To their credit, however, Harvick and crew chief Rodney Childers ended up with a 13th-place finish. Harvick did not offer any quotes on his day after the race.

* Clint Bowyer was the highest-finishing SHR driver, ending up seventh, but he was disappointed afterward because he felt he should have finished in the top five, which didn’t happen primarily due to late-race contact with Joey Logano.

That contact led to a cut tire for Bowyer, who clipped the wall, ending his chance for a top five.

We had a good car, it’s just horribly disappointingg,” Bowyer said. “You get that close. Long runs were my strong suit. I couldn’t take off all day long. Some of those things made sense. We were down a little bit on air and it took a little bit of time for them to come in. The problem is when you balance around that and you just pump the air-pressure up, then it doesn’t work either and you don’t handle there. It’s just disappointing.”

Still, Bowyer said the contact with Logano was just a racing deal.

He was racing me pretty hard,” Bowyer said. “I could get under him. I saw that I could get under him and he would diamond it and just didn’t leave me much room there. It’s time to race. There’s no question about it. We just barely touched and it must have cut the valve stem out of it or something and hit it just right. Maybe his fender caught it or something, I don’t know.

That’s about typical luck for here. You’re damned if you do, damned if you don’t. We put ourselves in position.”

* Daniel Suarez extended his streak of top 10 finishes to three straight races with an eighth-place showing. But he also had struggles at times, including being assessed a one-lap penalty for pitting outside his pit box when a crew member pulled tape off the front grill as the car was leaving the stall and the action was performed outside the box.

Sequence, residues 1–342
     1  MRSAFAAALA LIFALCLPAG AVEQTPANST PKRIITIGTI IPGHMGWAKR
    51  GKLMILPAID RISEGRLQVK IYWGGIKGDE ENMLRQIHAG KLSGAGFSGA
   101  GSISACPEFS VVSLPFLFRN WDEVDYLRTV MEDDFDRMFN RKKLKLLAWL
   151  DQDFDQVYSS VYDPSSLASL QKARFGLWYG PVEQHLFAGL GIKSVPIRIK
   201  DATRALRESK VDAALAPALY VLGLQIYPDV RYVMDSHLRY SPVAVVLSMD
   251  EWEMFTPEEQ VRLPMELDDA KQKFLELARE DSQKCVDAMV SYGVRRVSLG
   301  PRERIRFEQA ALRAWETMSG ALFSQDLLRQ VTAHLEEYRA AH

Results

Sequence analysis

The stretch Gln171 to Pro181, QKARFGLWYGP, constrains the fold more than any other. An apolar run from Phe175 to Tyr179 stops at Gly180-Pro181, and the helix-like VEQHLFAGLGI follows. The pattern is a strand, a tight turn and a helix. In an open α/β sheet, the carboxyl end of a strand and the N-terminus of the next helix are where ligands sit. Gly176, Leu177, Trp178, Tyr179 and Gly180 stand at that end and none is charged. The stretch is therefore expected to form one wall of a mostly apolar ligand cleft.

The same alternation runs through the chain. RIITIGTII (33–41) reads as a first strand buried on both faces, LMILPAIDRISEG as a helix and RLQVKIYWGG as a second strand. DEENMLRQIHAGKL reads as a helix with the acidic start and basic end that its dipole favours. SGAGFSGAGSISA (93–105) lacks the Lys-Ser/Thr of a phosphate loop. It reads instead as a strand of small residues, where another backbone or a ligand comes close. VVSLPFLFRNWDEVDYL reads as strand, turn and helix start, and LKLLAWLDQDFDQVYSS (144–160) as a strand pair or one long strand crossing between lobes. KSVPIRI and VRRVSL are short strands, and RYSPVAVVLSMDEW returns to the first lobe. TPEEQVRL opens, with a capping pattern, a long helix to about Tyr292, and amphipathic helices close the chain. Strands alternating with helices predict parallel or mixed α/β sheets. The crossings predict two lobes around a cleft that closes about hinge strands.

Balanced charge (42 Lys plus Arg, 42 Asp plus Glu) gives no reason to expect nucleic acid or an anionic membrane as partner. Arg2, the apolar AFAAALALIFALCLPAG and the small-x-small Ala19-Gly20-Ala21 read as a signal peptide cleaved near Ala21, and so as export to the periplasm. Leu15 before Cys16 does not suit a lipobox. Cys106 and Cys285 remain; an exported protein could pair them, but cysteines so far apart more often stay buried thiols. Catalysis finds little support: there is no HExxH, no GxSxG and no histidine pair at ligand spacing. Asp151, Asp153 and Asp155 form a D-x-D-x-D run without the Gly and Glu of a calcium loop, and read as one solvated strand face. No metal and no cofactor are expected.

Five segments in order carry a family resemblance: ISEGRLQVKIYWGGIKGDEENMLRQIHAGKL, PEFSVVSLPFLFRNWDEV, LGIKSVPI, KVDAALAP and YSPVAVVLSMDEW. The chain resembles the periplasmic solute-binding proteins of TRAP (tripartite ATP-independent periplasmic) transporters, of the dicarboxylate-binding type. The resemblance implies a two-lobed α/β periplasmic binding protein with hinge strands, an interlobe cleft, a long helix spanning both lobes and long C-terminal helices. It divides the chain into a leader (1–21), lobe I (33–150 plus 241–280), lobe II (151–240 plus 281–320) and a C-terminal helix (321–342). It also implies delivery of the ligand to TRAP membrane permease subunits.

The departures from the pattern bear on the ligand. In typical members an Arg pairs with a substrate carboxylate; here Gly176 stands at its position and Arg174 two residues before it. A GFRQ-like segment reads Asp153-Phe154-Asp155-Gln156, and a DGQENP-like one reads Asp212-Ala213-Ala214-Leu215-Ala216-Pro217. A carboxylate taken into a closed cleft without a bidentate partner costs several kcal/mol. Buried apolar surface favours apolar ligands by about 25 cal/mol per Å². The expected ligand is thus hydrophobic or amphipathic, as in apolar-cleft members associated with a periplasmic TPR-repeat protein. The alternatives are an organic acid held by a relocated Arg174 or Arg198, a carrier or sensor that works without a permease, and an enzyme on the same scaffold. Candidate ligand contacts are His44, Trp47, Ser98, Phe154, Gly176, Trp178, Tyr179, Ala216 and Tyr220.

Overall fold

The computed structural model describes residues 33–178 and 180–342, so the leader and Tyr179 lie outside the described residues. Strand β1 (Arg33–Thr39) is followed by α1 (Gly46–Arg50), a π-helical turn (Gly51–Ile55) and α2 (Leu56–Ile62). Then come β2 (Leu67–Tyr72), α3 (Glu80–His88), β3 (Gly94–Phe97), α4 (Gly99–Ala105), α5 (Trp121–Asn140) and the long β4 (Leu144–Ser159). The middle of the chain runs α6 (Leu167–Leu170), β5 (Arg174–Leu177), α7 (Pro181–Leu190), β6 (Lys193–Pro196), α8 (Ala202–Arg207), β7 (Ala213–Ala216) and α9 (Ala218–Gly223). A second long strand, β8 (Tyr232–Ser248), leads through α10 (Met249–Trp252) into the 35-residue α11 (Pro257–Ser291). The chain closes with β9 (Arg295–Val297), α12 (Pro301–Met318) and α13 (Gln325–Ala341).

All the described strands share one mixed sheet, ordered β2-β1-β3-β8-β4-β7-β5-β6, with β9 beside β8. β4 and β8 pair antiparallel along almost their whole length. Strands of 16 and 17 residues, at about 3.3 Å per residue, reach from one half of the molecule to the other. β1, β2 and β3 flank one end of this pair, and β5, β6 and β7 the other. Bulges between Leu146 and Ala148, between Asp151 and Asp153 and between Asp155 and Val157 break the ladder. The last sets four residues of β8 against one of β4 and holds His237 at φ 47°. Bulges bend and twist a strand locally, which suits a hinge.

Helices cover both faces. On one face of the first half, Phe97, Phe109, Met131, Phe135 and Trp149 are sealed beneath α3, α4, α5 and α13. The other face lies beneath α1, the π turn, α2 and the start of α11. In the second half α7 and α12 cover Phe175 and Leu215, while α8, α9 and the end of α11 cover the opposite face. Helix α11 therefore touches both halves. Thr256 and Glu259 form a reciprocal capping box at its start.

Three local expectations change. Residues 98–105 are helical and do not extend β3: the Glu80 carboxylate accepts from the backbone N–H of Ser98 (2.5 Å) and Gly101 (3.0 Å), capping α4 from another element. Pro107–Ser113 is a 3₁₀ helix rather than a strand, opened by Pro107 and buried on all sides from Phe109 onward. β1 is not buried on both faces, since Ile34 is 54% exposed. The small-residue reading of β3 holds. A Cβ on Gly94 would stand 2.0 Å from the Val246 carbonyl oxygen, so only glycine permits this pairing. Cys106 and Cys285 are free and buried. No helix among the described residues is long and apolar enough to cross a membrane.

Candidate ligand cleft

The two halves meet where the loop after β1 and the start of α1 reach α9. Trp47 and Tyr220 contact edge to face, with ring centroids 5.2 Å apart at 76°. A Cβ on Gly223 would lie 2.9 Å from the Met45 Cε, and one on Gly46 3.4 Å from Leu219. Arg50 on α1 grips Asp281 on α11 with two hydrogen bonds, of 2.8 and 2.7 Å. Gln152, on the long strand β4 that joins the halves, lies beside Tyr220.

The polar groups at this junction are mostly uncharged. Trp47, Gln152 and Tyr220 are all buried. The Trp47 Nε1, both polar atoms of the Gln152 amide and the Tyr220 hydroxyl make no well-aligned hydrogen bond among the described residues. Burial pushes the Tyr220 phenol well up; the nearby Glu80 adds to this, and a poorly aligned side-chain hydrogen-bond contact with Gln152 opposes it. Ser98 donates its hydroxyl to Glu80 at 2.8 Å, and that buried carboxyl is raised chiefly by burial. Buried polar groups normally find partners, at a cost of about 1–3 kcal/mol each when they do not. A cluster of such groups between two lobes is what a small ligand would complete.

Today was difficult,” Suarez admitted. “We made a lot of mistakes that we were lucky to overcome and finish in the top 10. I’m proud of that. We have to keep better, but it’s kind of good that we’re making these mistakes now so we can clean them up and be stronger in the second part of the season. We have a very good team. We have great race cars and it’s always good to perform well. Today, we had a lot of speed. I felt like we had top five speed at times and when we’re not very good we have top 10 speed and that’s where we ended up, so after all of those mistakes it was still a decent day.”

* Having the roughest day of all – watching it end just after three laps – was Aric Almirola, whose streak of six consecutive top 10 finishes come to an end with a last-place (37th) finish.

Almirola was forced into the wall on Lap 3 when William Byron came off a corner and rode up into Almirola’s No. 10 Ford. Almirola took his car to the garage, ending his day.

The 24 (William Byron) just got loose under me,” Almirola said. “He struggled to get going on the initial start. He spun his tires and then was just loose and out of control that whole first lap. When we went down in Turn 1, he lost it under me and wiped us out. I’m pretty frustrated. You work all weekend, all week getting ready for the event and to make it one lap is kind of uncalled for, so I’m disappointed, frustrated, but life goes on. We’ll go to Richmond.”

Almirola felt the incident was due to “some of it is inexperience on William’s part. I think he started to panic because he started to lose spots on the start because he spun his tires on the start, and probably a little bit over his head with the tire pressures and everything not coming up and he just lost it. He got loose underneath me, lost it and ran right into the side of us and wrecked us. Part of that comes with experience, I guess, but, either way, it doesn’t change the outcome for us today.